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going hungry

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The topic of yesterday’s post continues to work. Several of you sent comments, so did my monastic teacher:

“When faced with this kind of complex and ambiguous problem the first thing to do is to look inside and see what is going on. Seeing beggars often makes us feel uncomfortable for whatever reason. We usually do not like to feel this inner tension and try to alleviate it.  Often giving something makes us feel better temporarily, but the problem is not solved and the inner discomfort returns.

“My suggestion is not to make the inner discomfort the problem, be willing to feel it. ‘It’ meaning the ambiguity, the conflict, the lack of clarity, whatever is our direct experience. Then with the willingness to stay in one’s own body, to feel what we feel, then when we encounter challenging situations, we do what seems best at that moment – sometimes give, sometimes not, sometimes avoid, sometimes approach. There is no ‘correct’ answer to the world’s suffering.”

Many things go on inside of me. The most immediate are memories of childhood poverty, never knowing what we’d have to eat, and then never enough. A boiled potato and a smoked herring would be a good meal. No snacks, no nibbles, no seconds. We didn’t own a fridge and the basement shelves held a few jars of preserved fruit, received as gifts and kept for special occasions.

My gut reaction to street people with cell phones, dogs, and cigarettes is to judge them as lazy and ungrateful. “I too was poor,” screams a voice within, “and I had to go to work at age 14  and …. and …” It’s a voice, one of dozens busying the mind, like it or not. People’s begging has nothing to do with me or my life story. They do what they do for their own reasons. They’re not asking for my approval or disapproval.

image: toonpool.com

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4 responses »

  1. No matter how you approach it, historically, medically, or in a global and current sense – homelessness & poverty are incredibly complex topics with equally complex solutions.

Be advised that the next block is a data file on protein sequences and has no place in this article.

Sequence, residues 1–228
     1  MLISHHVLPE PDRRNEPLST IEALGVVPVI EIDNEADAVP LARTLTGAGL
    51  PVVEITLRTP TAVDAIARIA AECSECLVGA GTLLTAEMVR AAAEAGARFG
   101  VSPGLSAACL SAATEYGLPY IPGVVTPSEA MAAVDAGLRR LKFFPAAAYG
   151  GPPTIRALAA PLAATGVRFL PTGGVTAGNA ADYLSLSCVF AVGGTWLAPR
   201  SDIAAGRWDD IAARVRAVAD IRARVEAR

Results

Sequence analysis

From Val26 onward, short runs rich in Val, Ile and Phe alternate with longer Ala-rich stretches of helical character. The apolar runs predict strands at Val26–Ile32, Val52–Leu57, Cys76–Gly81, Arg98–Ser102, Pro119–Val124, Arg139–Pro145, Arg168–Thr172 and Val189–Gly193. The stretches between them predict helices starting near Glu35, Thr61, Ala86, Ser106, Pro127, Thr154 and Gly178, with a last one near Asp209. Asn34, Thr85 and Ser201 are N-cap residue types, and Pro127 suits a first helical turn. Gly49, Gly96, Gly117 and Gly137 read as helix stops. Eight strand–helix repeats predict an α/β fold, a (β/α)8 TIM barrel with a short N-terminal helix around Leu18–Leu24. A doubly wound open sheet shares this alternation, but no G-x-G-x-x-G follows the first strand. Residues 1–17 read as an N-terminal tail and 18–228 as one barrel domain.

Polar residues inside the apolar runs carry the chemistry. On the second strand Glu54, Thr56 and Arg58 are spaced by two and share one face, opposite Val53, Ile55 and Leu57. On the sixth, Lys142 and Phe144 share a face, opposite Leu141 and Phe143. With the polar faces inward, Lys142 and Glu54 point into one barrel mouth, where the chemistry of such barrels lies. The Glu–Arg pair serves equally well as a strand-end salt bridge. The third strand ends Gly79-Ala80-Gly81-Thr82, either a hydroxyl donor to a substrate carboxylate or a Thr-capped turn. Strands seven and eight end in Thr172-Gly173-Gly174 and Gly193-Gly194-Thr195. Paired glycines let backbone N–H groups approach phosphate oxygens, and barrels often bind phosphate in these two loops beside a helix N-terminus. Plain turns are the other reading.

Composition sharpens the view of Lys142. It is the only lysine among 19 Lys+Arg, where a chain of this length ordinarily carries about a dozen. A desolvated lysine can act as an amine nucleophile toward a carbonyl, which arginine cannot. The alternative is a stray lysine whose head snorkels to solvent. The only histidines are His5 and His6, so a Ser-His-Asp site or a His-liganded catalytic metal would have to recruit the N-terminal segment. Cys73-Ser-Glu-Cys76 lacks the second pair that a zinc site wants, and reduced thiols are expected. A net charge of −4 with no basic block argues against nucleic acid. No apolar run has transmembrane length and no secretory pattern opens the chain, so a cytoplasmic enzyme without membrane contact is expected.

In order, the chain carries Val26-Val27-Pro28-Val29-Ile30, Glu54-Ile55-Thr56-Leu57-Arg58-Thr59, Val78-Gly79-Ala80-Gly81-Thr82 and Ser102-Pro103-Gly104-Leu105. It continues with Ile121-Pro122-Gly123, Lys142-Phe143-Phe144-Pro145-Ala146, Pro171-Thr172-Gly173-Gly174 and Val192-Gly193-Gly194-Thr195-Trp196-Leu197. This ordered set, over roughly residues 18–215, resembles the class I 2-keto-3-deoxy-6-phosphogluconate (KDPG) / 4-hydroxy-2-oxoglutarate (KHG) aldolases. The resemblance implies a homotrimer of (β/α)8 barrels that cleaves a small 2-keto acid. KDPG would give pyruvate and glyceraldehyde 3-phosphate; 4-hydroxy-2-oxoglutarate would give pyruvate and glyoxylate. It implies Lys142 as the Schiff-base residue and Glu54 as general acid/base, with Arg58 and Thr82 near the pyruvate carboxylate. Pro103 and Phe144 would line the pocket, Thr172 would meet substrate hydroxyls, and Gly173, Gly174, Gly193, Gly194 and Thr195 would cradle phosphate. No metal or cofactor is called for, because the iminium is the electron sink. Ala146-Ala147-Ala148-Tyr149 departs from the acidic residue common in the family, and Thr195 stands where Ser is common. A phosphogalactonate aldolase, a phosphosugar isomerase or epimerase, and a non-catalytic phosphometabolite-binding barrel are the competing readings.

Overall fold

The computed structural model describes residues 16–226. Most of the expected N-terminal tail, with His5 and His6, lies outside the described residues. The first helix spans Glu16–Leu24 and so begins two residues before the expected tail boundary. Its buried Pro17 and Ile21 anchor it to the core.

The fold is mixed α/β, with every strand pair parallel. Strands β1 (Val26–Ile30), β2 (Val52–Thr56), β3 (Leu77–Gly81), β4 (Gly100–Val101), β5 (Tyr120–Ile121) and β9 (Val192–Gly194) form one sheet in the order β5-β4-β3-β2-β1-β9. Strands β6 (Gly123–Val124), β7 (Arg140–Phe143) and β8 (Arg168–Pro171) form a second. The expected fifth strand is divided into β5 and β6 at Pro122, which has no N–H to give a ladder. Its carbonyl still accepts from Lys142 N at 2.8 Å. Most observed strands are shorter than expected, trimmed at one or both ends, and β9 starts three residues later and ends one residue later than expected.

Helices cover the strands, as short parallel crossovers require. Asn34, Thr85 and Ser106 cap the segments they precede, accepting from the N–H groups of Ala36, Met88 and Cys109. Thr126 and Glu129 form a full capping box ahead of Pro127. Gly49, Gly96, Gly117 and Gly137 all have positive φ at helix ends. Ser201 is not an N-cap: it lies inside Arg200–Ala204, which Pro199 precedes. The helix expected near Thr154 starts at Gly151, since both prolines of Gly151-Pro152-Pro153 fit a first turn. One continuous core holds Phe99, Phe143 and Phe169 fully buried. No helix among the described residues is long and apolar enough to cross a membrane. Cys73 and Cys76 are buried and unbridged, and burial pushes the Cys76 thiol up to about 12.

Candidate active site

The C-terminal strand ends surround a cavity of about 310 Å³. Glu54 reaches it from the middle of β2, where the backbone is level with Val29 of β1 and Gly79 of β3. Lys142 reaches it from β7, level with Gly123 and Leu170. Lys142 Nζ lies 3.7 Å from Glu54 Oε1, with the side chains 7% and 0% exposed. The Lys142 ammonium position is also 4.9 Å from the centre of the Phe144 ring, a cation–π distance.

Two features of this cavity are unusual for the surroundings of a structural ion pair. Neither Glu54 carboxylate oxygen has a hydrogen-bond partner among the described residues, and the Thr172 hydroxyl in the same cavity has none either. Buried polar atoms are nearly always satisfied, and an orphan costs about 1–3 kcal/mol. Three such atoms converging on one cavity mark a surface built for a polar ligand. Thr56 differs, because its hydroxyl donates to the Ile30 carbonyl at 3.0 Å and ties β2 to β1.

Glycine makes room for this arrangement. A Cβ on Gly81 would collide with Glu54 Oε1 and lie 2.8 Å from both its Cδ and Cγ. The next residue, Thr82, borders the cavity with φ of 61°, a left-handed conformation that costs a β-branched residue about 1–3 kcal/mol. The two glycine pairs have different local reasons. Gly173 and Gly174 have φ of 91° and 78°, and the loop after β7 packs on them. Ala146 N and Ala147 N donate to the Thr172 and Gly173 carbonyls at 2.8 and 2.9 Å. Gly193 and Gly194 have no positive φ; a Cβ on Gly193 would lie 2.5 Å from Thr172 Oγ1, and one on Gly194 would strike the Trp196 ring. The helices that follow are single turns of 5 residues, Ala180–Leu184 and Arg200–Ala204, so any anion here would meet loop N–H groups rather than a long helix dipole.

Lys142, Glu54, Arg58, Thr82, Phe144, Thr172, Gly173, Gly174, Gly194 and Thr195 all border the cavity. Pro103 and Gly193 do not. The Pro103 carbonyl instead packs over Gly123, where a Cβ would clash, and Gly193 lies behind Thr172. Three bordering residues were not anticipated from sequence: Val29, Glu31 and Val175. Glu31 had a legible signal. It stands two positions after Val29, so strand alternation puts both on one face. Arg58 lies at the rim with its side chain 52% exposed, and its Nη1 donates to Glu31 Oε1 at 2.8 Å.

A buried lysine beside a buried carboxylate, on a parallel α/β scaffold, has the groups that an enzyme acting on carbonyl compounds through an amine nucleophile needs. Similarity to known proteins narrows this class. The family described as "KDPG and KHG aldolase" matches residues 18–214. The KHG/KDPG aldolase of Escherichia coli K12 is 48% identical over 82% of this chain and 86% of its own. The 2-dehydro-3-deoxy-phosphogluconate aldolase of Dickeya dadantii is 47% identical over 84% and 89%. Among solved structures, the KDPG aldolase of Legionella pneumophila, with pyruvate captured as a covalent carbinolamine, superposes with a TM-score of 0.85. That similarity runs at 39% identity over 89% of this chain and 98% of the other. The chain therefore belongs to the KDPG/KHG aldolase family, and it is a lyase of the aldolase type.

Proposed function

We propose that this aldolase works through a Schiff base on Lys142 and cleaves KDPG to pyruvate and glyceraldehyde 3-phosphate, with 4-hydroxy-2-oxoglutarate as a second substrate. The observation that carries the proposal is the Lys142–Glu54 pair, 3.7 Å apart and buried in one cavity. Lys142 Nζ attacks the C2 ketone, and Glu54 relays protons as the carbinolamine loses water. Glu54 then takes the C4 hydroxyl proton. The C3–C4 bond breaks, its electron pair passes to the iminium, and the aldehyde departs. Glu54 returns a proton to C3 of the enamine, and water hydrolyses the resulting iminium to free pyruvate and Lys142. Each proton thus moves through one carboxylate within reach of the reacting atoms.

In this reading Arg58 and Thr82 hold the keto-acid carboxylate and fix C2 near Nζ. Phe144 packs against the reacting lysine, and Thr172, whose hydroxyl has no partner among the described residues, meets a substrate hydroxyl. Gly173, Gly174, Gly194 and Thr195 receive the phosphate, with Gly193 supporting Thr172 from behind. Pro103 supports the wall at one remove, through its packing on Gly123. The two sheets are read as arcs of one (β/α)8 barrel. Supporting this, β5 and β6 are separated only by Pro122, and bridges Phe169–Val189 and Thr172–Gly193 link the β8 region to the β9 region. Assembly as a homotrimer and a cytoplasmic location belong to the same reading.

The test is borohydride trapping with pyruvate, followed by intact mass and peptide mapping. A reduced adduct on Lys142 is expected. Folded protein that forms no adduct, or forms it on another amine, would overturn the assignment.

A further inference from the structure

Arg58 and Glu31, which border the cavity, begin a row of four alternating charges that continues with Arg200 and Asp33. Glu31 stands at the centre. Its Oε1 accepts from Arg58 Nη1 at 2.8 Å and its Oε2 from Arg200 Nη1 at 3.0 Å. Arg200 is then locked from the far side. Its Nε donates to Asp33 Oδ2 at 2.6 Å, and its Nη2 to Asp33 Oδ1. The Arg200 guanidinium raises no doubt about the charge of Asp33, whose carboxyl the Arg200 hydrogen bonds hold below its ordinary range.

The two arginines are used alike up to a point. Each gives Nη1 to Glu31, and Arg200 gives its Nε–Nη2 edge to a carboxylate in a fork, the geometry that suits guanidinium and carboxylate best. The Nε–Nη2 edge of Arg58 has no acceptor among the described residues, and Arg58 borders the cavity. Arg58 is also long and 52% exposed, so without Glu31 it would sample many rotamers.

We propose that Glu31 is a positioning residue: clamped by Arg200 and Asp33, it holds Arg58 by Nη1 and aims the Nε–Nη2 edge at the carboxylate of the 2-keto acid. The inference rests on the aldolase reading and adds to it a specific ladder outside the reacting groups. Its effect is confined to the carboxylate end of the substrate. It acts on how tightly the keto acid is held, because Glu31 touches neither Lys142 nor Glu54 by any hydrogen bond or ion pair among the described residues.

Lines from a Mark Knofler song come to mind:

    “I wake up every morning
    Keep on eye on what I spent
    Gotta think about eating
    Gotta think about paying the rent

    I always think it’s funny
    It gets me everytime
    I wonder about the happiness and money
    Tell it to the breadline

    But you might get lucky now and then”

    Reply
  2. I can resonate w/ you, Peter, and your teacher’s comments. Though I would likely express it differently.
    I too notice how my reaction to poverty is fluid – some days I feel good about giving, some days I just give and move on, some days I feel helpless, and so on. Sometimes I get stuck in anger – blaming ‘them’ for the discomfort, i.e. my discomfort. And by ‘them’ I usually mean those in authority. The reality however is that while I cannot change what ‘authority’ does, I can change what I do, and how I feel.
    Noticing my feeling and reactions is now my key – being with whatever is going on for me.
    Mostly feeling uncomfortable.
    And my experience as a child, as I recall, was also one of acceptance. I accepted that some people had, some went without. Sometimes we were hungry. Sometimes not. Seems to me that my viewpoint changed as I got older and heard others complain about this. Then I too learned to complain, to be dissatisfied. As a child, it seems to me, I was much more in the moment, less in my head. I accepted and moved on. Now my task seems to be to return to that childish ‘innocence’ – that which I imagine is meant by the ‘beginner’s mind’?

    Reply
  3. Thought I would post this link to the “Life is a Place” blog – it seems appropriate….

    http://peacefullpresence.blogspot.com/2010/04/compassion.html

    Reply

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